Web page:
An excellent article published  on this site by Liz Carey does an admirable job of discussing the trend towards wearable technology in the wellness business. She informed us that recent studies have found that employee wellness programs are making great strides in adopting wearable technology. She says:

“According to a study from ABI Research, it’s estimated that by 2018, more than 13 million health and fitness tracking devices will be integrated into U.S. employers’ wellness programs. By the end of 2016, nearly 21 percent of US adults with online access used a fitness tracker, and as much as 46 percent of employers offered some sort of subsidizing for wearable devices as part of their wellness program, according to research from Health Enhancement Research Organization (HERO).”

Personally, I am not yet convinced of the claimed effectiveness and cost savings from these employee wellness programs. I say that because, as a nation, everybody is involved in “wellness”, but we do not seem to be getting healthier. Health insurance costs are up. Obesity is up. Diabetes is surging. Everybody and their brother, if the media is to be believed, has a pre-existing condition that will cause them to die when the proposed Republican health plan murders them and their entire family while they sleep, or something like that. Everyone seems to be looking for that magic pill that they can swallow, and suddenly be more vibrant and alive. And thin. Can’t forget thin. That easy elixir is not yet available, and I am not convinced of the necessary commitment from the population in general when it comes to prevention and wellness.

In my office, we do not have an employee wellness plan. In fact, when looking around, I think our offices might be on top of a huge radon leak, or ancient cemetery. You must bear in mind some of us have worked together for almost 20 years. We used to have hair, or our hair used to have color. We used to have teeth. Some of us have grown in stature, becoming twice the person we used to be. When we talk about wearables in the office, we are much more likely to be talking about Depends versus Fitbit.

I just haven’t seen the evidence that tells us employee wellness programs work. Of course, that could be because my eyes aren’t what they once were.

Ms. Carey’s article informs us that “54 percent of employers said more than 50 percent of their employees were still using their wearable devices six months after their wellness program launched, and 95 percent said they would continue offering fitness trackers as part of their wellness programs due to high employee satisfaction.” The article did not mention that 80% of those employees had already lost the charger for their wearable device, and were simply unable to remove them from their oversized wrists. I attribute the “high satisfaction” to the fact that employees like to get free crap.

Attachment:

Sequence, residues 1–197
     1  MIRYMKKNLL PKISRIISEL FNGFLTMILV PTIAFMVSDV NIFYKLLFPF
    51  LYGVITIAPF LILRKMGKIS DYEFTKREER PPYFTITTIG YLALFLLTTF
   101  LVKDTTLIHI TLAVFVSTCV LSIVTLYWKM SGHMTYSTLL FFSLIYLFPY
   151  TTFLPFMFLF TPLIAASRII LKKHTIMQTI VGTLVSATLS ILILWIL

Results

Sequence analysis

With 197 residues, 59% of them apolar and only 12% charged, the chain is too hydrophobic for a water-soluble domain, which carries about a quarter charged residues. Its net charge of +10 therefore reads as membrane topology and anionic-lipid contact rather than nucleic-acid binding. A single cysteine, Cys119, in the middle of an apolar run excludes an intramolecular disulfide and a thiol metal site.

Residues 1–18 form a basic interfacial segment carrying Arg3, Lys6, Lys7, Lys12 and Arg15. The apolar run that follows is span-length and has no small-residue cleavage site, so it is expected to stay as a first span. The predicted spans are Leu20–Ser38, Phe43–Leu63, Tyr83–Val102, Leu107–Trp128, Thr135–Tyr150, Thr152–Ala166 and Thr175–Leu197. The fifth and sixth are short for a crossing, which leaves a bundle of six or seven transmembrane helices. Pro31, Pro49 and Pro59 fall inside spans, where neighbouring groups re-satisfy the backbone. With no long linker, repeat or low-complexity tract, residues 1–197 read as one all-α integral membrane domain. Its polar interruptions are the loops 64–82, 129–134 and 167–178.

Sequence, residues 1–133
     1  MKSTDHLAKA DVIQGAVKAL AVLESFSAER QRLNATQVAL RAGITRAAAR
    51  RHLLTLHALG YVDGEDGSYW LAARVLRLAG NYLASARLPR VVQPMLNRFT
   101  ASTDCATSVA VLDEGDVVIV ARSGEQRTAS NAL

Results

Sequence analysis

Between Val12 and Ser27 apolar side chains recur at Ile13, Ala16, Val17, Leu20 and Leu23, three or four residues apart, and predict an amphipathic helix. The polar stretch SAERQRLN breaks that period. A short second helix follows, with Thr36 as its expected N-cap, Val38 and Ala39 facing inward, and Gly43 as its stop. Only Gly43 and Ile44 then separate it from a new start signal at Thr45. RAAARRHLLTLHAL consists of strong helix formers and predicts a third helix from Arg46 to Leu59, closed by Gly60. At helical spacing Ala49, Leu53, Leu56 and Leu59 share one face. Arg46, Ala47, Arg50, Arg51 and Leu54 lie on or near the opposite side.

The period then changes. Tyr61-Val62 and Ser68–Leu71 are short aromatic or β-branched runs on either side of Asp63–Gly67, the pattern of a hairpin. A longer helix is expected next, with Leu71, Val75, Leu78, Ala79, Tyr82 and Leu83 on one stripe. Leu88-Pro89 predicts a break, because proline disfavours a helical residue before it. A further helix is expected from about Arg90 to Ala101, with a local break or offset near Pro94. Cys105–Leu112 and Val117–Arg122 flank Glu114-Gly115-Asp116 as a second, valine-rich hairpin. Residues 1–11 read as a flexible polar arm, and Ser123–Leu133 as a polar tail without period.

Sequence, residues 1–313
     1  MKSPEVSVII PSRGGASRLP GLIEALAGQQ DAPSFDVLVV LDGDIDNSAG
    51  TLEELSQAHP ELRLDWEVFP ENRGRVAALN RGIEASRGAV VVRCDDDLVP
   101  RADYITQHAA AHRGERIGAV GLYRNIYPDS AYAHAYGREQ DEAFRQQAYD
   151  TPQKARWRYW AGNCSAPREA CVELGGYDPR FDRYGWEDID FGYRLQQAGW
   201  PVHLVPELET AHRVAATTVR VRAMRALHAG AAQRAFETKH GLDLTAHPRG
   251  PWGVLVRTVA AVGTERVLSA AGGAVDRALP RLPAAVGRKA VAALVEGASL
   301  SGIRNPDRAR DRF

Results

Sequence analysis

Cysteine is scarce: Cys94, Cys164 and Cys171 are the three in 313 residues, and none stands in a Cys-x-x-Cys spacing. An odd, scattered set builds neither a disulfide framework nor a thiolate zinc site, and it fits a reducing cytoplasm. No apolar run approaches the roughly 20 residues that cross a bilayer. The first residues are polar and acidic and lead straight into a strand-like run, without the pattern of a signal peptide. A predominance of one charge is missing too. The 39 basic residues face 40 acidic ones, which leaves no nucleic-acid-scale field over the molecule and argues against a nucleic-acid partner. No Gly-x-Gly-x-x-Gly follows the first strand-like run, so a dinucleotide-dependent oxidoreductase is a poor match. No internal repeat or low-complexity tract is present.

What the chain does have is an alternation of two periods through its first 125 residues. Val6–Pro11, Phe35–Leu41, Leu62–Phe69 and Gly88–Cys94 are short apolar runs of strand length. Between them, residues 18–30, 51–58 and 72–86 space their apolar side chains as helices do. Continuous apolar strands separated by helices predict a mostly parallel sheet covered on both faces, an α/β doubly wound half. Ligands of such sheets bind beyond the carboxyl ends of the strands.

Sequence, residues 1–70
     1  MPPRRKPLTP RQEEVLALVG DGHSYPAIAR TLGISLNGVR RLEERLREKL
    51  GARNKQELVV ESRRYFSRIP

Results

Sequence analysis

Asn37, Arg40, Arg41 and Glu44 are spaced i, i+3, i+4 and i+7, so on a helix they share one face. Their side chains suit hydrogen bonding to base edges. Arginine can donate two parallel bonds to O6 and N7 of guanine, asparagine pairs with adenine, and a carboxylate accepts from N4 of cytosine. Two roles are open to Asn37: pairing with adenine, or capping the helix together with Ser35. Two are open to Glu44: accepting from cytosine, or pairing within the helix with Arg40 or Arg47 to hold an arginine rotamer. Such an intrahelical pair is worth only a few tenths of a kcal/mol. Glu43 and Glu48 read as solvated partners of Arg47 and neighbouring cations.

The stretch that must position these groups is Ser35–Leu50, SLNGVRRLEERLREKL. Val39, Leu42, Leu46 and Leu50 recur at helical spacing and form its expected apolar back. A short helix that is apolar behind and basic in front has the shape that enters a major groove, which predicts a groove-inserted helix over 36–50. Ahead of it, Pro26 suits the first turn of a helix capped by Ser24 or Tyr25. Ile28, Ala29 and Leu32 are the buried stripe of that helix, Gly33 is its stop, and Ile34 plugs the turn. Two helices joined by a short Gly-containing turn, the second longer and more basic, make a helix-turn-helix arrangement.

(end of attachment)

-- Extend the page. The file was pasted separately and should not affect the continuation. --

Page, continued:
Still, I do see some benefit to deploying wearable tech in my office. Some of these devices are supposed to be able to alert the user when their pulse rate has exceeded certain parameters. We could use a device that alerts us when a pulse stops all together. Knowing there was a cubicle available earlier than we would have otherwise would help us better manage our facility. Plus, it beats the old way of figuring out one is up for grabs. That takes longer and requires a lot of Febreze.

Also, a wearable device designed to deliver a mild shock, say 50,000 volts, when it detects the wearer has fallen asleep would increase productivity; not to mention the sound of its discharge and resulting response would be great entertainment for the rest of the office.

Three years ago, I wrote about RFID technology and the coming use of wearables in the workplace. That piece discussed the NFL’s use of RFID chips embedded in the protective gear of football players to produce detailed micro-stats regarding their moves and actions. I predicted that the technology would have tremendous applications in the world of monitoring and safety management. I still believe that to be the case, that these “black box wearables” will become the norm in many situations where employers have become focused on prevention.

And I’m not just saying that because I own the domain, and am willing to sell it at a handsome profit.

But wellness? Many of the studies that support the trend in wellness programs seem to be conducted by those agencies and organizations that have a vested interest in the continued propagation of these programs. I’m not saying the studies are not legitimately constructed, but some research performed by disinterested parties would be more convincing overall.

It is possible that the widespread deployment of wearable monitoring devices under the guise and tutelage of “Employee Wellness”, will have an impact in the “Black Box Wearables” area as well. Liz Carey points out that “wearable devices can be used to track the location and activity of a user, as well as their emotional responses to situations”, and that this data could be used in litigation or other investigative activities. That potential could have real impact on a company’s bottom line.

So, in my mind, even if the use of wearables might be dubious when it comes to improving employee wellness, it is pretty obvious that they could really improve employer fiscal health.

And that is something a Depends undergarment just cannot promise. 


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